A Poet Is An iPod (After Dudley Randall)

A poet is an iPod, so don’t tell me what to write.

I sent my friend a poem about Hope, and she texted back,

“That’s fine for you, with your fragile privilege and all,

But why don’t you write about what happened in Minneapolis?”


I didn’t write about Minneapolis because I didn’t know how to write about Minneapolis.

I’ve been busy teaching inmates, and trying to lose weight,

and writing poems and blog posts,

And I’ve been avoiding television and the online echo chambers.

So, it wasn’t an absence of compassion that caused me not to write about Minneapolis,

But simple confusion and cowardice.


Telling a poet with privilege what he ought to write

Is like some podcast pundit telling a poet

That he should write about a new poll that proves the election’s already decided,

Or the outrageous gaffes of politicians, digging themselves deeper with every tweet,

Or the unprecedented weather we’re having because of mail order companies

whose profits exceeded 400 percent (it was later discovered to be a taxation error).


Maybe the pressured poet is watching his daughter die of COVID,

Or is trying to be anti-racist, but afraid he does it wrong,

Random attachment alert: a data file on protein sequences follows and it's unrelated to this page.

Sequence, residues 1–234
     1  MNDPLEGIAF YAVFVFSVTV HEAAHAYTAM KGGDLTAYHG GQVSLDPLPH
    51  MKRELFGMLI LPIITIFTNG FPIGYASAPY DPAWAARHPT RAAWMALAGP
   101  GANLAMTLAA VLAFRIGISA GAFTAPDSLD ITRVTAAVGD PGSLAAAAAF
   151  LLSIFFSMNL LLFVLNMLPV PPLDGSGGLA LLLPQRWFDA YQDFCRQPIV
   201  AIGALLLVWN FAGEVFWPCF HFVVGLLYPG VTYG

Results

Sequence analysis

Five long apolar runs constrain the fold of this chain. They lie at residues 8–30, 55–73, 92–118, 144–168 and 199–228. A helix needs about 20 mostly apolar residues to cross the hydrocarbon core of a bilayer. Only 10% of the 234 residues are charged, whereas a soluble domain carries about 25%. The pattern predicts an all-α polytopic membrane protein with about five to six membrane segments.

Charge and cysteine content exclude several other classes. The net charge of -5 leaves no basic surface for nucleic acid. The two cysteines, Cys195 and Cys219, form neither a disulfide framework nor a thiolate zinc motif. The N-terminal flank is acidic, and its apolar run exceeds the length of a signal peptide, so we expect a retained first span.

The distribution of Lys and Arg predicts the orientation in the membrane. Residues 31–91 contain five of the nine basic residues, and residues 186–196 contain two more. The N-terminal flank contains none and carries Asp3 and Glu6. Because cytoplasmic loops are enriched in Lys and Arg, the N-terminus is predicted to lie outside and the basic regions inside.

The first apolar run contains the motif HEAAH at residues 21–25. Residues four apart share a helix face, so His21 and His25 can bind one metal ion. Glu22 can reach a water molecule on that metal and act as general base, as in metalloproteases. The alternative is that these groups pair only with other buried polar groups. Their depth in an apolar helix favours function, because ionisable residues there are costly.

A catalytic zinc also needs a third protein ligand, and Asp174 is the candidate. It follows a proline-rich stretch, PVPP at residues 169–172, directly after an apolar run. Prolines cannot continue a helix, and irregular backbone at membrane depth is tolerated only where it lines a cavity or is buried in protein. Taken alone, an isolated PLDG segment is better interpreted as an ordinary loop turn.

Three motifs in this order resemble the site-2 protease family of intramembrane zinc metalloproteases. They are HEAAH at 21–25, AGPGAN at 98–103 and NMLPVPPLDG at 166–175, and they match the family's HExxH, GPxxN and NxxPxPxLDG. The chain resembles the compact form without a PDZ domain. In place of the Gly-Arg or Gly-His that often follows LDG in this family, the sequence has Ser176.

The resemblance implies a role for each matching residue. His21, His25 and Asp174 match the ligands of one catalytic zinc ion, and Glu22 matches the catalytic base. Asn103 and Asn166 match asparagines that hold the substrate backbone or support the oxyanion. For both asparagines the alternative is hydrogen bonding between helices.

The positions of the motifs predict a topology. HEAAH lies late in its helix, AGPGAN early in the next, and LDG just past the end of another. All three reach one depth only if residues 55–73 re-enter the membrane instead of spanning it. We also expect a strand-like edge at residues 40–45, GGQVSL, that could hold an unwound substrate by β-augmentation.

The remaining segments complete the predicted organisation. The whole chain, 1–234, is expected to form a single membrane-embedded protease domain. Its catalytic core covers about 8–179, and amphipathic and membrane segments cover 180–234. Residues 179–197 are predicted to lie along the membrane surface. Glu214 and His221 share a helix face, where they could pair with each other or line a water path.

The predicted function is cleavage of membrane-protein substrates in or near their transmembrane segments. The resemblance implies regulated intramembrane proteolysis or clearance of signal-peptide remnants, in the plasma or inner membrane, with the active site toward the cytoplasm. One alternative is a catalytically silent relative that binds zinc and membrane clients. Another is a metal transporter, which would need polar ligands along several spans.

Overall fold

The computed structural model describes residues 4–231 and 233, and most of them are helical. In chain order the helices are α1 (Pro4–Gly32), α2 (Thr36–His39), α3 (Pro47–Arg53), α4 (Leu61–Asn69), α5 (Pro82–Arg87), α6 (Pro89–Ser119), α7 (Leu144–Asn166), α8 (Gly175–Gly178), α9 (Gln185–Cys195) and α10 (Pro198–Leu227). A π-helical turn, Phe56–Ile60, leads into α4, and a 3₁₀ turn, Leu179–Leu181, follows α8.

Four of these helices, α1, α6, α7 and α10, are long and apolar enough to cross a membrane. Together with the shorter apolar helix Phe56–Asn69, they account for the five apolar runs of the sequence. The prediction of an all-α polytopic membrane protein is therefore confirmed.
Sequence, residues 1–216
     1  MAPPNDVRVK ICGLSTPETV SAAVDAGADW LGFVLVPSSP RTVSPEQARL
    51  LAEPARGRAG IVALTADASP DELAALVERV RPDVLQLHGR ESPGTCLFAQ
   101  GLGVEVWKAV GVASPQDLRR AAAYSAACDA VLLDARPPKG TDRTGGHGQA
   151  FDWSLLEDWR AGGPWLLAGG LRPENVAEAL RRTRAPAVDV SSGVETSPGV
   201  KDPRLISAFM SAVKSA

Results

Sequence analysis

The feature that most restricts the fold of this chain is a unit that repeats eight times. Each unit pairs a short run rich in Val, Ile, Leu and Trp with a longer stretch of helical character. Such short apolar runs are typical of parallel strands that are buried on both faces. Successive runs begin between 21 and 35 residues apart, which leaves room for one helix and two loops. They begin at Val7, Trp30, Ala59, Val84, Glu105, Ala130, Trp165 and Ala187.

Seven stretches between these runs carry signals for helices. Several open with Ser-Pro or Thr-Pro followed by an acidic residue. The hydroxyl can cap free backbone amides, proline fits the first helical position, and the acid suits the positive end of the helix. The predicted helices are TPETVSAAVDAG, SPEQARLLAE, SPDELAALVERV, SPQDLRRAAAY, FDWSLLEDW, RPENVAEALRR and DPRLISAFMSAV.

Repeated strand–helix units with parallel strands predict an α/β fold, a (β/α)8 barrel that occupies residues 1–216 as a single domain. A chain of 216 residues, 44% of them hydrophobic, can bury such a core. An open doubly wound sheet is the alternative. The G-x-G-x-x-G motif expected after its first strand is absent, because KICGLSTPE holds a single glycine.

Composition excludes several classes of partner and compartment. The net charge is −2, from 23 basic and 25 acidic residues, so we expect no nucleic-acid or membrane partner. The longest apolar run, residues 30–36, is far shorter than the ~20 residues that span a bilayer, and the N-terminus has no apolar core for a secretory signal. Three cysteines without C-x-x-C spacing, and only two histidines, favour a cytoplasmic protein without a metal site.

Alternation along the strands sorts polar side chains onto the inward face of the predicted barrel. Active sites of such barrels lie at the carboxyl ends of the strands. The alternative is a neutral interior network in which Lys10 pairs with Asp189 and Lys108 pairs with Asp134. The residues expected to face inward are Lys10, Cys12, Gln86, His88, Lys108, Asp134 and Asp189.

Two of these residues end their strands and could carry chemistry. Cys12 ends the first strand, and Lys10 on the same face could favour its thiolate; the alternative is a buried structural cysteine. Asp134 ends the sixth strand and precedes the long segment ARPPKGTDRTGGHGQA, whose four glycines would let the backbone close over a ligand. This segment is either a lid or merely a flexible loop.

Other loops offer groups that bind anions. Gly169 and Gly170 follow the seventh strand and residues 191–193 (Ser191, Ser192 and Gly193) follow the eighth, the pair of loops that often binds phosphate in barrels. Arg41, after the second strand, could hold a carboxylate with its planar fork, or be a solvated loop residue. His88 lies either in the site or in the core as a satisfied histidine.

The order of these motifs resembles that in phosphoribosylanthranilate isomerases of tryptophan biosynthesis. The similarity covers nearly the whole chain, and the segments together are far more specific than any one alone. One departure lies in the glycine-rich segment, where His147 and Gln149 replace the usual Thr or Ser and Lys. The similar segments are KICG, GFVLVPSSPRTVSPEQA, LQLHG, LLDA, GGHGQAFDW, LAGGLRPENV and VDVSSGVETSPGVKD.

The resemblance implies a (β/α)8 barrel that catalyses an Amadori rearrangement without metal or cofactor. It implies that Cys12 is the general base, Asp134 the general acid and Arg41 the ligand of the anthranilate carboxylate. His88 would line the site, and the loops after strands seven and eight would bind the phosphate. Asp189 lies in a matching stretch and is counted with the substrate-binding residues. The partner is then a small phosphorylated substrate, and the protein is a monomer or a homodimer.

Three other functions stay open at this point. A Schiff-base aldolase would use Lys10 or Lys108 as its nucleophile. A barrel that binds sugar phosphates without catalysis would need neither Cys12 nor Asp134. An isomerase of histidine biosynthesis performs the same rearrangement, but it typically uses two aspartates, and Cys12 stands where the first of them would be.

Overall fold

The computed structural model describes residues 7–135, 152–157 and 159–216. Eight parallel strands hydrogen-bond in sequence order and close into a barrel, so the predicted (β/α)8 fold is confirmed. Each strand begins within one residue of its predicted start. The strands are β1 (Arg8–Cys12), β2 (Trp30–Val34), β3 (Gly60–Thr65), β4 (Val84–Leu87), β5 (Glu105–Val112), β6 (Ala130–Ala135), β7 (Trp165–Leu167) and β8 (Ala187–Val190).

Or is somehow optimistic and yearns to sing of family, faith, and fireflies.


I’ll bet that in a hundred years the poems people will read, sing and love

Will be the poems about his daughter’s death, his racial empathy, or his

family, faith, and fireflies,

Not a million memes about polls, politicians, and polar ice caps.

A poet writes about what he feels, what agitates his heart and sets his pen in motion,

Not what every random apparatchik dictates, to support their own agendas and conspiracy theories.


Yeah, maybe I’ll write about Minneapolis, as I wrote about Hawn’s Mill.

In fact, I want to write about Minneapolis; but not because somebody

says I ought to.


Yeah, I write about hope. What’s wrong with hope?

If we were more hopeful, we’d have higher expectations for ourselves

and more mercy for others;

less fear and more faith.


When people hope, they see with clearer sight, open their hearts

to possibility and change,

Grow, set boundaries, and put off fear and doubt.

They speak softly, listen humbly, and hear the souls of others speak

as clearly as their own.

With hope, we are both: just and forgiving, and friends with all the world.

What’s wrong with hope, charity, and peace?


If the two Germanies had not felt hope, the Berlin Wall might still be standing.

If hope had filled the hearts of 19 men with peace, the towers might not have fallen.

If my student could have seen some hope from his cell window

his two young sons would not be fatherless,

so don’t tell me it’s trivial and a cop-out to write about hope and not about



A poet is not a jukebox,

A poet is an iPod.

I repeat, a poet is an iPod for someone to share the earbuds in his ears

and get the songs they need to hear,

And scroll through the playlists of truths he has learned, of who we really are,

And to sing along on repeat at full volume.


A poet is an iPod.

A poet is an iPod.

A poet is an iPod.

So don’t tell me what to write.

Read WR’s Poetry Blog from the beginning!